Random Play by Graham Reid

12

Food for Thought

It is in print so therefore official: I am to the left of Winston Peters and -- more surprising -- Helen Clark. I am also, it seems, to the right of CK Stead. At least I am in the new book The Word for Food in which any number of worthies (and worthless types such as myself) were invited to contribute anecdotes about food and a favourite recipe.

My invitation came so long ago -- a year at a guess? -- that I had forgotten all about it until I received a phone call to attend the launch in the Auckland City Library a week ago. We dropped what we were doing at the thought of much fine tucker (alas, finger food only) but it was casual event where various people read their anecdotes. None of the famous names mentioned above were in attendance but this modest book of homespun and simple recipes to the more exotic (mine for Mika's Coconut Fish is here) has already proven a valuable addition to our shelves.

I commend it to you and I think it is only $20 in Dymocks. Contributors were unpaid and get nothing from sales, so I feel no shame of self-interest in recommending it to you.

In which regard might I also add this: in recent months I have been an occasional reviewer of restaurants for the Herald’s Canvas section again and we have encountered some serious disappointments in Auckland.

No reviewer goes out expecting a bad meal -- especially not if, like us, you have invited family or friends along. But with rare exceptions we have often felt we could have done better at home. And often do, or at friends’ places for sublime dinners -- and always in much more comfort than most restaurants provide.

Times are tough in restaurantland right now and will only get worse in the coming months (as I have mentioned in a forthcoming piece) but the national malaise is such that many appear to have given up on service and cuisine already. We’ve sometimes been made to feel we were at a wake for a stranger, and one we were paying for.

That said however, we have also had some excellent experiences and so I faithfully report the good, the bad and the indifferent.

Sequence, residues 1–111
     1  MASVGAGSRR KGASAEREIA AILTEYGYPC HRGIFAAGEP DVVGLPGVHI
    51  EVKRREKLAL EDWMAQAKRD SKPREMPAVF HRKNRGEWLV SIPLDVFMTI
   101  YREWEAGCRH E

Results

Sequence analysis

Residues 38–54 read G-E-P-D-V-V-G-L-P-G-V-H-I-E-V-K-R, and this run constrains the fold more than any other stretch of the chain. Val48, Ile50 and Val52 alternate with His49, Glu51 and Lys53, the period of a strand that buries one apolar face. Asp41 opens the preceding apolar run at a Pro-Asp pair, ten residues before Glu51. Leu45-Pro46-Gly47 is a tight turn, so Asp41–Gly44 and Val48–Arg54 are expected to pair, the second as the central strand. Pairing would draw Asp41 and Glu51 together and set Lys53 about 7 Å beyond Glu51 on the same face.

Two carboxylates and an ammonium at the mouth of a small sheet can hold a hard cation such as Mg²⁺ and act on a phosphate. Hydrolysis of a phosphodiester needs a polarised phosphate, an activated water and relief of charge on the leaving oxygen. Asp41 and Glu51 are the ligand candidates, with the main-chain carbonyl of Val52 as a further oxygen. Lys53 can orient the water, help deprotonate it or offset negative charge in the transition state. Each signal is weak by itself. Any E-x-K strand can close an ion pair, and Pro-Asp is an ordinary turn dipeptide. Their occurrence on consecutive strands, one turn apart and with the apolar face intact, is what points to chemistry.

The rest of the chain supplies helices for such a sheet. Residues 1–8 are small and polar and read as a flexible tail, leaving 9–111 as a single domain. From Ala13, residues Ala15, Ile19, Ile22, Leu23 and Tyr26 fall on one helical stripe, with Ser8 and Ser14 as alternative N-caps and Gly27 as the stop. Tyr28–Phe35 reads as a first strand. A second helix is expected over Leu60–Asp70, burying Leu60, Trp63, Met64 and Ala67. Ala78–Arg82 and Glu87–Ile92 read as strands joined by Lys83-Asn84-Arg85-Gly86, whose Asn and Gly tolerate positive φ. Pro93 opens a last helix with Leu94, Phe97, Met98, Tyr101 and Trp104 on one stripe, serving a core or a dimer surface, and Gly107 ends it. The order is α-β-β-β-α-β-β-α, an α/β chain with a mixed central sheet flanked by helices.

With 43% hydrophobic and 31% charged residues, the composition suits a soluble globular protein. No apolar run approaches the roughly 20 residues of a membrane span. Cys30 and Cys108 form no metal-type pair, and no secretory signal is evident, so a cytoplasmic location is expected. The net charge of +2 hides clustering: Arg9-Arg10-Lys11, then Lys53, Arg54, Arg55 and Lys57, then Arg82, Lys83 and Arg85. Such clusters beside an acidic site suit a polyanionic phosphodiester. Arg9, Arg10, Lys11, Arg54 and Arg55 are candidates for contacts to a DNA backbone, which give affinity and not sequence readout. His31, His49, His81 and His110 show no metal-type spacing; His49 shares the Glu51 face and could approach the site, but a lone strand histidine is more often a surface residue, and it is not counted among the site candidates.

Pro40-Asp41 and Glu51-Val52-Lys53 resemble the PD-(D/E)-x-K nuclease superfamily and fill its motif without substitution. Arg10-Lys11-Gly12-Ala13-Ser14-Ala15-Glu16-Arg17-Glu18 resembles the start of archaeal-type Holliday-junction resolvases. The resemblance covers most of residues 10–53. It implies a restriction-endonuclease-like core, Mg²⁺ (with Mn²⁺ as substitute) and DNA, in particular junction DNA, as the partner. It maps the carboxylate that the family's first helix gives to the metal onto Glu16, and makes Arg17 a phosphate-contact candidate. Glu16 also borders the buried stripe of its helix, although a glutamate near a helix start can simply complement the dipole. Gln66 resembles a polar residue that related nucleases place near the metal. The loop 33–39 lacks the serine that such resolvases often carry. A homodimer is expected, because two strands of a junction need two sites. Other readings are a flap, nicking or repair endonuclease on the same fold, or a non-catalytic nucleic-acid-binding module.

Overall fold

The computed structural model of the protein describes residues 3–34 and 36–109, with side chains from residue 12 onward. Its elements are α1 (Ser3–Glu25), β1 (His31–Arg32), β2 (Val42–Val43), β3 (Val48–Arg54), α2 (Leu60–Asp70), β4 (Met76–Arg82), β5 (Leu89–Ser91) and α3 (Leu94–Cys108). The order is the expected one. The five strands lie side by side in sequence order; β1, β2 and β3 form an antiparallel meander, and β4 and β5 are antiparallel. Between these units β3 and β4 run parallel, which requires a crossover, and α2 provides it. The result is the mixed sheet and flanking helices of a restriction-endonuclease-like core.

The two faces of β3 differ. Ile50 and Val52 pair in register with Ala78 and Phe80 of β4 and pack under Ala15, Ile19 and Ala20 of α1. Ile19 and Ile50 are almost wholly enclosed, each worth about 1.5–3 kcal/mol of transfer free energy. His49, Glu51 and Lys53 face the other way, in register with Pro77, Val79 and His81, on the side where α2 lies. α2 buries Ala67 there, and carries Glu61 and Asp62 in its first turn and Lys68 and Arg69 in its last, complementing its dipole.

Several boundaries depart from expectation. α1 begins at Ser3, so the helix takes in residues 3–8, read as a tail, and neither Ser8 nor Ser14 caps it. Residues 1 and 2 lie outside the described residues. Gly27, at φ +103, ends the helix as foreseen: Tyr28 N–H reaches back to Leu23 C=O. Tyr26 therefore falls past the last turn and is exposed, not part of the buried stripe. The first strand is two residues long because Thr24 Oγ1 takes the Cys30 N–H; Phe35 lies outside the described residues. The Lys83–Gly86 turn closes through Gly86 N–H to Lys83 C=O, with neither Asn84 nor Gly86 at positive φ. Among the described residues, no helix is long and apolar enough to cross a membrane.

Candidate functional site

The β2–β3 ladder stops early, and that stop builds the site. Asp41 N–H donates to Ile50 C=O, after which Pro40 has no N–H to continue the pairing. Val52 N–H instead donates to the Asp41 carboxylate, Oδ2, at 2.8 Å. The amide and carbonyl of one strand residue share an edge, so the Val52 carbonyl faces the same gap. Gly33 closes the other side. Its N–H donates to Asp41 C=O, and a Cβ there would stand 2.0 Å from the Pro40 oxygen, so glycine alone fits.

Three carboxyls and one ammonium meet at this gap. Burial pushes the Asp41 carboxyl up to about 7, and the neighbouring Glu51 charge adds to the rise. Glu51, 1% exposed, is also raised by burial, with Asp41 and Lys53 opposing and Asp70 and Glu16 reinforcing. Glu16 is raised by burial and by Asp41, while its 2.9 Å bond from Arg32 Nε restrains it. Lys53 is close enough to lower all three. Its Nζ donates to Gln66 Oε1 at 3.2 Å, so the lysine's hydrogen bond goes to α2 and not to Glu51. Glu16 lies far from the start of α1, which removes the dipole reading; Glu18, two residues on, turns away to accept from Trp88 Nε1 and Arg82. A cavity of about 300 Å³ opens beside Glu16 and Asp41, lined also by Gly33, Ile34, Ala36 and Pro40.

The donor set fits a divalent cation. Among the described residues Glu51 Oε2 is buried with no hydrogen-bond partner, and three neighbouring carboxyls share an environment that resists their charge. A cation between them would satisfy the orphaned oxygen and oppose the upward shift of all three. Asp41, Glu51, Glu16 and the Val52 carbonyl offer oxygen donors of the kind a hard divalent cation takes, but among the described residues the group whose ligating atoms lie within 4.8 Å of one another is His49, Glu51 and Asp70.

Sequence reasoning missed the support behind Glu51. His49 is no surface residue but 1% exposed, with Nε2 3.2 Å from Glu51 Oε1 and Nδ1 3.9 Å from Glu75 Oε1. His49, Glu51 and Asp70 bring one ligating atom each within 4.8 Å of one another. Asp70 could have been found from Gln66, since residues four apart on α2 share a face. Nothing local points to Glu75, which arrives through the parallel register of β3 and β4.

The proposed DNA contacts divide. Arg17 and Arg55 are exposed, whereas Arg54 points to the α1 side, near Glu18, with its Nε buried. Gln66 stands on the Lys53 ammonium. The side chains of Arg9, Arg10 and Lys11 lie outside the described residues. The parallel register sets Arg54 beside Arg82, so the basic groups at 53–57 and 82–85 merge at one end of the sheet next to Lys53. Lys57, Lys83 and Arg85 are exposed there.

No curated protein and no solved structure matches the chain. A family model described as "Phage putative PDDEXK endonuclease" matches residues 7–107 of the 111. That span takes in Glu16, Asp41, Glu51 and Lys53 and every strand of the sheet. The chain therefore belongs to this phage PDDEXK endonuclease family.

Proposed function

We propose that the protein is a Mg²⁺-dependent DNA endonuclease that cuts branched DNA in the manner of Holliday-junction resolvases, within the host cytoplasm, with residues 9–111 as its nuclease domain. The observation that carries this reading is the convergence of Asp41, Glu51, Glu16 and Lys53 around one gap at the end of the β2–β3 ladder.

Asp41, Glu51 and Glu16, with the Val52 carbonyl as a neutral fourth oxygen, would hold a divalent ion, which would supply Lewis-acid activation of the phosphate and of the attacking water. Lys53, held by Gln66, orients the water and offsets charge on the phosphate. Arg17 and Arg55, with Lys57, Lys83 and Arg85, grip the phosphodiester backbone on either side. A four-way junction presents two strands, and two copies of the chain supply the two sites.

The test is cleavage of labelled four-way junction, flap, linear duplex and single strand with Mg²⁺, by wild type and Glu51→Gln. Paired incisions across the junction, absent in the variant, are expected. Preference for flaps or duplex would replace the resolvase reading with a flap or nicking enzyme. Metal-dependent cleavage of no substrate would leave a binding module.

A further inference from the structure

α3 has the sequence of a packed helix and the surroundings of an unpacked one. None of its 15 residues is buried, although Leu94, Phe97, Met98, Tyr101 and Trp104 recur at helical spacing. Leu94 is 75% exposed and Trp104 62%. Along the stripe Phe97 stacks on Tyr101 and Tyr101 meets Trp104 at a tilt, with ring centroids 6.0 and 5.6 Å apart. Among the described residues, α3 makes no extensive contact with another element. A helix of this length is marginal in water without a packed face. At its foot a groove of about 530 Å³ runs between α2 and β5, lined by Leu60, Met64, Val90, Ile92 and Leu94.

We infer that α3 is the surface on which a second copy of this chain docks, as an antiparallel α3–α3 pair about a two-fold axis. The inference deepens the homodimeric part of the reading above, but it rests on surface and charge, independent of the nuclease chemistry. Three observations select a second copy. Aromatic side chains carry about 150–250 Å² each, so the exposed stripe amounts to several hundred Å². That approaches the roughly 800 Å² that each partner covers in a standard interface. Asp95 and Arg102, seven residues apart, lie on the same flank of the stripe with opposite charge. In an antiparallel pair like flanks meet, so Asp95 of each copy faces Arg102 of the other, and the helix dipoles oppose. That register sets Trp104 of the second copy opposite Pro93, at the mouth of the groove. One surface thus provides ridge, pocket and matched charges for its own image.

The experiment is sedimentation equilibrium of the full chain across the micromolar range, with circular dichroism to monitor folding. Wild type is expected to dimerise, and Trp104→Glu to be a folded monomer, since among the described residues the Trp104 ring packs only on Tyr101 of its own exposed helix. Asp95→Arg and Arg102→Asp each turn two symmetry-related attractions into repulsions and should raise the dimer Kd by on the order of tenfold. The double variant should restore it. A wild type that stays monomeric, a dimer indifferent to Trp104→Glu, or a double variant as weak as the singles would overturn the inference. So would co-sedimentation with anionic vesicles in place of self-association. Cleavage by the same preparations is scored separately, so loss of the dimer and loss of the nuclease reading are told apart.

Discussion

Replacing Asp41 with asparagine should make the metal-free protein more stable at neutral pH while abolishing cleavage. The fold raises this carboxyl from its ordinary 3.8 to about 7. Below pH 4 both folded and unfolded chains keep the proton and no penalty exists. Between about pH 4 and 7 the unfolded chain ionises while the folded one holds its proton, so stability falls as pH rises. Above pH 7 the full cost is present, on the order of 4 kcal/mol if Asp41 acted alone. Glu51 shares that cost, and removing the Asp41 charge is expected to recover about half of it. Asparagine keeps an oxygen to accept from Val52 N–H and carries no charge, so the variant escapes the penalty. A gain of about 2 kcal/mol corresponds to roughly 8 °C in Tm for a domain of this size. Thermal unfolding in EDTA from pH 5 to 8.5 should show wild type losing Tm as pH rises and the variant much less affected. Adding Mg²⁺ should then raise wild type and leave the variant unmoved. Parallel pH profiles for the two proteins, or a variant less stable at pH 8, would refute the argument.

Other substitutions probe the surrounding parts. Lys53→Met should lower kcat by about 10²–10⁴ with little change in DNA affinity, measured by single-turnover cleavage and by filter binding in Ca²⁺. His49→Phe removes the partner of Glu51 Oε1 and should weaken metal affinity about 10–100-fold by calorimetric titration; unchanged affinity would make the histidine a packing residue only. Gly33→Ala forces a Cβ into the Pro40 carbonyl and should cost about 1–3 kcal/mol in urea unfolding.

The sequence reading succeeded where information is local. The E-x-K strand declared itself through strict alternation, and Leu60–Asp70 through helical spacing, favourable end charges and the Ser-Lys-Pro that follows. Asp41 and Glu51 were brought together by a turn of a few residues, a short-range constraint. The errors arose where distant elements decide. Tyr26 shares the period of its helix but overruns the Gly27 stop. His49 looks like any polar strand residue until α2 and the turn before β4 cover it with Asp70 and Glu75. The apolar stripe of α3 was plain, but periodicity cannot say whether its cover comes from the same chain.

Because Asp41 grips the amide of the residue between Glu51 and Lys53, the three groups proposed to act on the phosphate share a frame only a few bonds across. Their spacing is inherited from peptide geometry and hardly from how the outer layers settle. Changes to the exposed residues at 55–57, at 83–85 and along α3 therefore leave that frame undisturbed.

However I want to add this: I have written about local and international restaurants off and on for a very long time, and for a while for this website.

But that was more than two years ago and to my embarrassment and astonishment many of those reviews are still on their site. I have asked them to remove them -- chefs, owners and menus change -- but many remain. They are undated unfortunately but make the site (and me) look foolish: I wrote about Winehot in Kingsland in its opening week (that is clear from the comments) and some months ago it celebrated a second birthday.

Such websites, like restaurants reviews, have to be current to be relevant. Ignore anything I say at that site. But check out my recipe (well, not mine as you will see) and check out The Word For Food, edited selflessly by the tireless Joyce Irving (Heritage Press).

The PM’s fish curry sounds real good and there is a recipe for a proper Cornish pasty (among other winter-fuel delights).

Ten-Four: Before truckies get even more deluded about how much public support they got for their protest could they breathe through their noses and consider the following.

1) People in this country like the idea of rilly rilly big trucks en masse in their city streets. It’s kinda different and exciting, like a muscular Santa parade. I’d honk and wave for that too.
2) Kids waving at you don’t count.
3) CW McCall’s Convoy was a big hit in this country, good buddy.
4) The New Zealand public seems well disposed to assisted-suicide for the mortally imperilled, so the “support” might have just been people’s way of giving an increasingly unpopular and wounded government a helpful nudge. In other words, it wasn't about you.

And before we get too heated about the perceived injustice meted out to poor truckies -- although Annette King scored a brilliant own goal and a PR disaster in one simple, ill-conceived announcement -- maybe some cooler analysis of the government’s case should be considered.

And if you can’t be bothered with the boring maths then Aucklanders might like to stand on Symonds Street on any given day, somewhere around the university where scores if not hundreds of students are crossing the road. That this narrow, pedestrian-heavy, tree-lined road through what is now the centre of the sprawling campus should be a thoroughfare for massive articulated trucks is a dangerous disgrace.

And look at the state of the road there: I doubt it is the gentle step of students’ feet, their motorbikes, or the traffic of Jap imports which is causing the damage. In user-pays land you have to wonder.

Almost finally: a lot of very diverse music -- cult classics, alt.country, neo-rock (I made that one up), Indian spiritual music sanctioned by the Dalai Lama, “metal lounge” and much, much more is here.

And if you are interested in the Patti Smith movie at the Auckland film festival you might like to read this interview with her.

Righto, I’m off to Real Groovy to rummage their cheap vinyl bins again. I do this at least every fortnight (where else are you going to find a mint-condition six-album set of Bing Crosby in a faux-leather box for $2?) but doubt my meagre, across-the-counter contributions are going to help keep them afloat if what I read here is true. It’s an “if” of course -- but this news-cum-astute PR exercise was the talking point at party I was at last night and people were shocked.

I suggested by way of support for Real Groovy -- which is one of the few businesses deserving that overworked adjective, “iconic” -- we should all come to town in our cars decked out in orange banners with “Life is Groovy” on the side. We could drive slowly around the central city in a convoy for an hour or so and see how many honked and waved in support.

My guess is a lot of people would. Hmmm.

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